Child Support FAQ
Q:What is the relationship between payment or non-payment of child support and parenting time?
A:The payment or non-payment of child support does not entitle someone to more or less parenting time, nor does it allow one party to violate the other party’s parenting time. Parenting time and child support are two separate and distinct issues, and while the court does consider the annual number of nights each parent spends with the children when determining a fair child support order , there should be no direct association between the two. In layman’s terms, money and time are two separate issues as far as the court is concerned. Both child support and parenting time can be enforced once they are outlined in a court order, but they’re enforced separately. The court wants to keep money on one side, and parenting on the other.
Q:What are the ramifications of not paying child support?
A:Child support is a type of money judgement. Money judgments are typically issued by the court and they come out every month. Once the court issues a monthly money judgment, it is no longer modifiable. If you need to modify your child support obligation, you must do so by the date you serve a motion to the other party.
It should also be noted that if someone is not paying their child support, those judgments can be executed on. In other words, the court may take action against the non-payer by garnishment of wages, wage withholding, garnishment of a bank account, seizure of personal property, a lean on real property, and potential foreclosure. If the state gets involved in collection and you have an arrearage balance that is marginally to exceedingly high, they can pull professional licenses, including your driver’s license.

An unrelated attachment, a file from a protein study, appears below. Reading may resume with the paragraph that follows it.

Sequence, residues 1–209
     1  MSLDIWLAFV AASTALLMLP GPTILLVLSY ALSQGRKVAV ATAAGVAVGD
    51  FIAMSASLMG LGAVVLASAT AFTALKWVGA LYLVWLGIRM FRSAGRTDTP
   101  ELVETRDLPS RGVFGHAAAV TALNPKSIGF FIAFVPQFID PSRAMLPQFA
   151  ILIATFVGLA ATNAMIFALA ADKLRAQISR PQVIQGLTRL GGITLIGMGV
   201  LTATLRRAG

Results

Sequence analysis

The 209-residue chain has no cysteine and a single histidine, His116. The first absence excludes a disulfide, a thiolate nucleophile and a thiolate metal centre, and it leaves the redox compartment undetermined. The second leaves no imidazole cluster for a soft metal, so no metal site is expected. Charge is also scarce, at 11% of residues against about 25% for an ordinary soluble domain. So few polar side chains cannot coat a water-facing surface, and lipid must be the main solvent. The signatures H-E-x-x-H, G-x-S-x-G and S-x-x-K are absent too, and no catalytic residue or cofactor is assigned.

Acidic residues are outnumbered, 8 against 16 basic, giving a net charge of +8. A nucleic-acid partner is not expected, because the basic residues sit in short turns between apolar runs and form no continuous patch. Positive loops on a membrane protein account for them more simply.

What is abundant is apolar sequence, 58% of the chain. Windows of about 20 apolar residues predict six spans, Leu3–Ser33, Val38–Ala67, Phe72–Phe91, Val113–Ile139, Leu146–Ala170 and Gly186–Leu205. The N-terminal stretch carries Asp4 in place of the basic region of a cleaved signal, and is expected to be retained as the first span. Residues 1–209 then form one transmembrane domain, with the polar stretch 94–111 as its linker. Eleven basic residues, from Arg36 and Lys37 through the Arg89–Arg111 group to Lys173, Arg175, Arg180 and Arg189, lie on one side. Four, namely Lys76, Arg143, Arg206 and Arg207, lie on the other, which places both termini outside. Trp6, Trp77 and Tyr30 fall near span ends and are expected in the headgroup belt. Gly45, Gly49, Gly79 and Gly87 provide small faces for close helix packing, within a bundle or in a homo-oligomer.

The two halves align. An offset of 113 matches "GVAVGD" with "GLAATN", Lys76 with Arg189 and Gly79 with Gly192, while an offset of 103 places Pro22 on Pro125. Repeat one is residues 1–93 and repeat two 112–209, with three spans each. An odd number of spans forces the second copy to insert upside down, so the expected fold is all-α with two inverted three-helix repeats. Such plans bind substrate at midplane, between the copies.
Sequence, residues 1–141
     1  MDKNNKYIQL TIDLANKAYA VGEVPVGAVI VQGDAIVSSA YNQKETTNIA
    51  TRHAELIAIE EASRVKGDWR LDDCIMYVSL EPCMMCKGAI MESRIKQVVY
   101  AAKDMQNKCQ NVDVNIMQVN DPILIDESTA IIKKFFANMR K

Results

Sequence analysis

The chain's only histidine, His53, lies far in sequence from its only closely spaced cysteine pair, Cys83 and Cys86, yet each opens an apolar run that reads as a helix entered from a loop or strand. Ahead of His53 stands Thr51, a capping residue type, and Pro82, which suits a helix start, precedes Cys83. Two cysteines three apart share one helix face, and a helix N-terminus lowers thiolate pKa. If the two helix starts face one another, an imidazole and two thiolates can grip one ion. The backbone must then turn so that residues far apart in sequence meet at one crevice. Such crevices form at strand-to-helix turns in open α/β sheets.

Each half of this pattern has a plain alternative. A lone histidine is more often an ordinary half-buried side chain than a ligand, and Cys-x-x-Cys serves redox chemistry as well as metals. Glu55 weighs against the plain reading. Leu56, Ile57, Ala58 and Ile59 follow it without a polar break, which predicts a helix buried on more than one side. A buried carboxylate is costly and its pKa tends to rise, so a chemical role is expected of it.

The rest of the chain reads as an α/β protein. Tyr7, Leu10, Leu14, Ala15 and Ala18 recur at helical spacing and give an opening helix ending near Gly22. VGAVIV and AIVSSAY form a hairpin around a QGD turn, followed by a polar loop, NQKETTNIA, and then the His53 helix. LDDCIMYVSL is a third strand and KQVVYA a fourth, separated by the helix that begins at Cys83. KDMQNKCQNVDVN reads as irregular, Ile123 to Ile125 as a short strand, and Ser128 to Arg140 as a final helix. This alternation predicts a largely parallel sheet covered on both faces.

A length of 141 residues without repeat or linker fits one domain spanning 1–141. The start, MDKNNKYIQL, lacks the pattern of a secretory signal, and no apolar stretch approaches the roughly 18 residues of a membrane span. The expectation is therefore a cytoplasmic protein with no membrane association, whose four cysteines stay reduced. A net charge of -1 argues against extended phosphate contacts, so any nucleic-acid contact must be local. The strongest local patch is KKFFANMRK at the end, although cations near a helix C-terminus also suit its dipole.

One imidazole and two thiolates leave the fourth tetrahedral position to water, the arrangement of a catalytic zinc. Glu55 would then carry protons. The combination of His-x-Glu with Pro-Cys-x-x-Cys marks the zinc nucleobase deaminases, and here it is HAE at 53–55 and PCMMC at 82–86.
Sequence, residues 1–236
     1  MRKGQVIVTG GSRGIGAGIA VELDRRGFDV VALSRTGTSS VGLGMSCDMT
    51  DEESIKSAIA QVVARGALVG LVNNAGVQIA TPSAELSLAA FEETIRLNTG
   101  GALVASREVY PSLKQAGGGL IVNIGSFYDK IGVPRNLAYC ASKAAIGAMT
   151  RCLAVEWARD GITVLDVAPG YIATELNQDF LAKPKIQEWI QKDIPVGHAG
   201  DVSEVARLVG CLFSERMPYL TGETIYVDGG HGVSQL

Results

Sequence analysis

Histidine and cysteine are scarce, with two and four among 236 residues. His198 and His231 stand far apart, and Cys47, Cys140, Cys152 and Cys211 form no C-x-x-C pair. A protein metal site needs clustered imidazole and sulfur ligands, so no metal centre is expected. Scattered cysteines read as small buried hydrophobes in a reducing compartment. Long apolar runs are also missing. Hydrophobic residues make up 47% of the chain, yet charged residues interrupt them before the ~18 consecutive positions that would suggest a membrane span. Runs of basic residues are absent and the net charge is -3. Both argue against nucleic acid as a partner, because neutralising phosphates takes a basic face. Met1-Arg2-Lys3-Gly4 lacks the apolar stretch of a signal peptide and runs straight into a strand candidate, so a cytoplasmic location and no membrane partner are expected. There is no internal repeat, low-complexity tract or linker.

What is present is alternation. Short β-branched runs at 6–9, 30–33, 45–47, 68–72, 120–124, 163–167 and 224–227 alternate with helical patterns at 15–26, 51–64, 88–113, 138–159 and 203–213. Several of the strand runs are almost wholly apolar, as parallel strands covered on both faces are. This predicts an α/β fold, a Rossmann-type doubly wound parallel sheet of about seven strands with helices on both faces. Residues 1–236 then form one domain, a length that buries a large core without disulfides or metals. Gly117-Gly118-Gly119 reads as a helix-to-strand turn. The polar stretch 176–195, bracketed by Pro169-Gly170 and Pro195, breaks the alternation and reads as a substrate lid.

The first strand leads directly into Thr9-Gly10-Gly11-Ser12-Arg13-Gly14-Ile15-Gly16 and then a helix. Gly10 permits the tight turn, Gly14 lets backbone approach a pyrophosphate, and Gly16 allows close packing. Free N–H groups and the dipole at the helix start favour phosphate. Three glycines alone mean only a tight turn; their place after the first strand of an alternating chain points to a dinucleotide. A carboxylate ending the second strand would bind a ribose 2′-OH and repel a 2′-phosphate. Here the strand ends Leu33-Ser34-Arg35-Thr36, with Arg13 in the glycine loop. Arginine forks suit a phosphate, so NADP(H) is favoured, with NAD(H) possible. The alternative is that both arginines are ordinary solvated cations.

If you’re unable to make your child support payments, you need to file a modification as quickly as possible because as soon as those judgements are due, they are no longer modifiable.
Q:How is child support determined in Oregon?
A:Oregon child support is determined by a guideline calculation, which takes into account several major factors, including the gross incomes of either party and the annual number of overnight stays with the child or children. The court will also consider several secondary factors, including who pays union dues, who covers healthcare for the children, and the necessity for daycare expenses. That calculation creates what is called a rebuttable presumption. As parties earn more or less, or if circumstances change, child support awards can be modified through the court.
Q:How long does an obligated parent need to continue to provide child support in Oregon?
A:In Oregon, child support continues until a child reaches 18 or 21 years of age, as long as they continue to attend school, as defined by Oregon law. Someone between the ages of 18 and 21 who participates at least part-time in a degree-granting institution, (or attends certain trade schools), could qualify as a “child” under child support laws. T If an older child meets these standards, he or she could continue to receive child support from age 18 to age 21. A child attending school can take normal breaks, such as summer break and spring break. They do not have to fill up those breaks with classes, in order to qualify for support, as long as they are on a regular schedule at least half time and making satisfactory academic progress. If they don’t qualify as a child attending school, then standard child support obligations will end at the age of 18.
Q:How is child support calculated?
A:There is a formula under Oregon law, (AKA “the Guidelines”), that serves as a great starting point for parents hoping to calculate their potential child support. The formula uses a variety of factors, but the big ones include income, parenting time credit, work-related childcare costs, and healthcare costs. People commonly think that because they have legal custody, to the court cannot order them to pay child support. That is not true because custody is not a part of the calculation. The child support amount calculated by the Guidelines may be changed only if all parties agree or if the Guidelines can be successfully refuted.